This is the second of three installments of a yearend analysis of the bond market by Strategy Asset Managers, LLC.
Follow the money
The Federal Reserve recently released its quarterly flow of funds study for the period ending September 30th. Despite a brisk pace of federal government borrowing, aggregate credit demands remained weak. Total non-financial debt grew at about a 4% pace as households shrank their borrowings. This provided plenty of space for federal government debt to expand. Meanwhile, the Federal Reserve was dumping huge amounts of money into the economy. A broad measure of money supply–so-called M2–increased 9.8% over the last year. Lots of money and little credit demand resulted in very low interest rates. This could change quickly, however.
The US consumer has been tightening his/her belt since 2007. The bursting of the housing bubble resulted in lower home prices, lower turnover and a decline in mortgage debt outstanding–from $14.8 trillion in June 2008 to $13.6 trillion in September 2011. Faced with a troubling job market, consumers reduced non-mortgage debt as well. This peaked at $2.6 trillion in 2008 and now stands at $2.47 trillion. This borrowing metric seems to have stabilized recently as consumer confidence in future economic prospects has improved.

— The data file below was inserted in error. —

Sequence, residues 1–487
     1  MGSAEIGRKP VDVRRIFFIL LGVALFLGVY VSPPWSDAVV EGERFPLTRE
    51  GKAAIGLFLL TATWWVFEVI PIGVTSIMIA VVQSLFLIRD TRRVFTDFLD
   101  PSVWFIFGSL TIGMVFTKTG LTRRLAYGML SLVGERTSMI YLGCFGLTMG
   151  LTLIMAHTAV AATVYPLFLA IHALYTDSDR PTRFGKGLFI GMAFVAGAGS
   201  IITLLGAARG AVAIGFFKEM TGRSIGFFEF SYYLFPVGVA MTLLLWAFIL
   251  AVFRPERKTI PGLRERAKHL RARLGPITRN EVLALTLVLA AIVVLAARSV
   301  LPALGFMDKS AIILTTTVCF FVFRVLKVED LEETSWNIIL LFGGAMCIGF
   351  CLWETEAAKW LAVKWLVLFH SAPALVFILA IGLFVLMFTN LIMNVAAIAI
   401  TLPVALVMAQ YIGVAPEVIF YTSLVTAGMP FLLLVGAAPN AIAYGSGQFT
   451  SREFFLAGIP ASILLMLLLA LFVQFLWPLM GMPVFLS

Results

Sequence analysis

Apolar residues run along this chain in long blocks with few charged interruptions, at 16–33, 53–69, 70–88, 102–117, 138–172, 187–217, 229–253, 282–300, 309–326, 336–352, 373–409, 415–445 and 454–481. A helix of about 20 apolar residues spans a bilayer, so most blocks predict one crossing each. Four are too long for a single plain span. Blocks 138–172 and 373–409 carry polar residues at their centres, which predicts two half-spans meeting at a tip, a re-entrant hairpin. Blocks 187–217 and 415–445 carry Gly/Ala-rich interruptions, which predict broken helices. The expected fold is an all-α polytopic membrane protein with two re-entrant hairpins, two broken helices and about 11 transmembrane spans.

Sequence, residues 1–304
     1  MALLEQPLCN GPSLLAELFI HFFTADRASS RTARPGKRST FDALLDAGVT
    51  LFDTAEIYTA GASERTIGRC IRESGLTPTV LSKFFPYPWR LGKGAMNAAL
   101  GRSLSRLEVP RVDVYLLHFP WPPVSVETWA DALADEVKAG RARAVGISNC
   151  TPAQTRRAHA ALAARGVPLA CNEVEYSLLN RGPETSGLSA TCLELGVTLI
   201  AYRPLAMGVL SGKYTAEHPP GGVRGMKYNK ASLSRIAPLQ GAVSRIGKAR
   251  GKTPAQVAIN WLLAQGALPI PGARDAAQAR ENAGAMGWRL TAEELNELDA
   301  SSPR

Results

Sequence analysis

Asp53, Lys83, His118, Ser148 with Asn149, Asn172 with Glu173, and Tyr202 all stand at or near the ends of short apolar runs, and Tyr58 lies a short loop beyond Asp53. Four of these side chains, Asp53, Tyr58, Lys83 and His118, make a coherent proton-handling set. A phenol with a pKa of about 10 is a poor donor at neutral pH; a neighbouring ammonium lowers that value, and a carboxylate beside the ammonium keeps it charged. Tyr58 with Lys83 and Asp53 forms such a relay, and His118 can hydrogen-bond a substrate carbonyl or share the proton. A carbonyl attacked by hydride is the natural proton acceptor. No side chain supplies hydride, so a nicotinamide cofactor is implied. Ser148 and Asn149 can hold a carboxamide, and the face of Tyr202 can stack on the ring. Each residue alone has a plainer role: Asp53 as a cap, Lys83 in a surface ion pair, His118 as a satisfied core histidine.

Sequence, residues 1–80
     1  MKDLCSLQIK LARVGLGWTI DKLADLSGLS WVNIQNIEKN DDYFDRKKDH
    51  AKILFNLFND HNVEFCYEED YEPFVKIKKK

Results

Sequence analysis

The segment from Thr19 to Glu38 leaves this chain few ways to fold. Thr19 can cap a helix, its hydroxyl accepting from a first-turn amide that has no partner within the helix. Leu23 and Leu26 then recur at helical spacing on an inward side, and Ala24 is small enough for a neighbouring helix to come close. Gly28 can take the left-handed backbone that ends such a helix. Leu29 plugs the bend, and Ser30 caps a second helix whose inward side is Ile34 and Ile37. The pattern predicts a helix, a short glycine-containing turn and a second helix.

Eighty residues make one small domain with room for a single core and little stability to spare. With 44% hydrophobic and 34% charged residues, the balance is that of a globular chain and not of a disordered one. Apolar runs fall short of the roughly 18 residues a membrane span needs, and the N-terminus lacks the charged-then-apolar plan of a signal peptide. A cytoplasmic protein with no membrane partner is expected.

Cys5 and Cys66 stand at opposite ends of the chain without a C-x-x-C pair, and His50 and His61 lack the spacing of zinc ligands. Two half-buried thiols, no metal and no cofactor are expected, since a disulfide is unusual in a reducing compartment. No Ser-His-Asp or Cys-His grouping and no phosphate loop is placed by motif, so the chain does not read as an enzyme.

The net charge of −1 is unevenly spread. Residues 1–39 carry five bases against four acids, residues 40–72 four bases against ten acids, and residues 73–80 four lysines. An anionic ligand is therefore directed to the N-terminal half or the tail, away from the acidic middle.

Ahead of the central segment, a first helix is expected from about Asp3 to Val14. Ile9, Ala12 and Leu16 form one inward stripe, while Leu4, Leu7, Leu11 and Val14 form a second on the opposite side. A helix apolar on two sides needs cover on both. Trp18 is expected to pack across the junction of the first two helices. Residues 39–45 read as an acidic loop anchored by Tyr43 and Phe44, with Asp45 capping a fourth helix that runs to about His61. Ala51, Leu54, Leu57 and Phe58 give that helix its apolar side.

While the household sector of the economy has been paring back debt, the financial sector–commercial banks and savings & loans–has been reducing debt and balance sheet leverage. This explains why few are worried about the leakage of European banking problems into our financial system. So, once folks are ready to buy a new car or upgrade to a bigger house, banks will be able to provide them credit. Despite the massive (+300%) growth in federal government borrowings over the last decade, households remain the largest sector of the credit market with $13.2 trillion of debt outstanding versus $10.1 trillion of federal government debt. If household borrowings increase by just 5%–less than half the rate experienced in the first half of the last decade–aggregate credit demand could rise by 7%. This rate of expansion is not compatible with the current low level of interest rates.
That’s it for today. SAM, LLC’s conclusions tomorrow.
Here’s yesterday’s initial post in this series.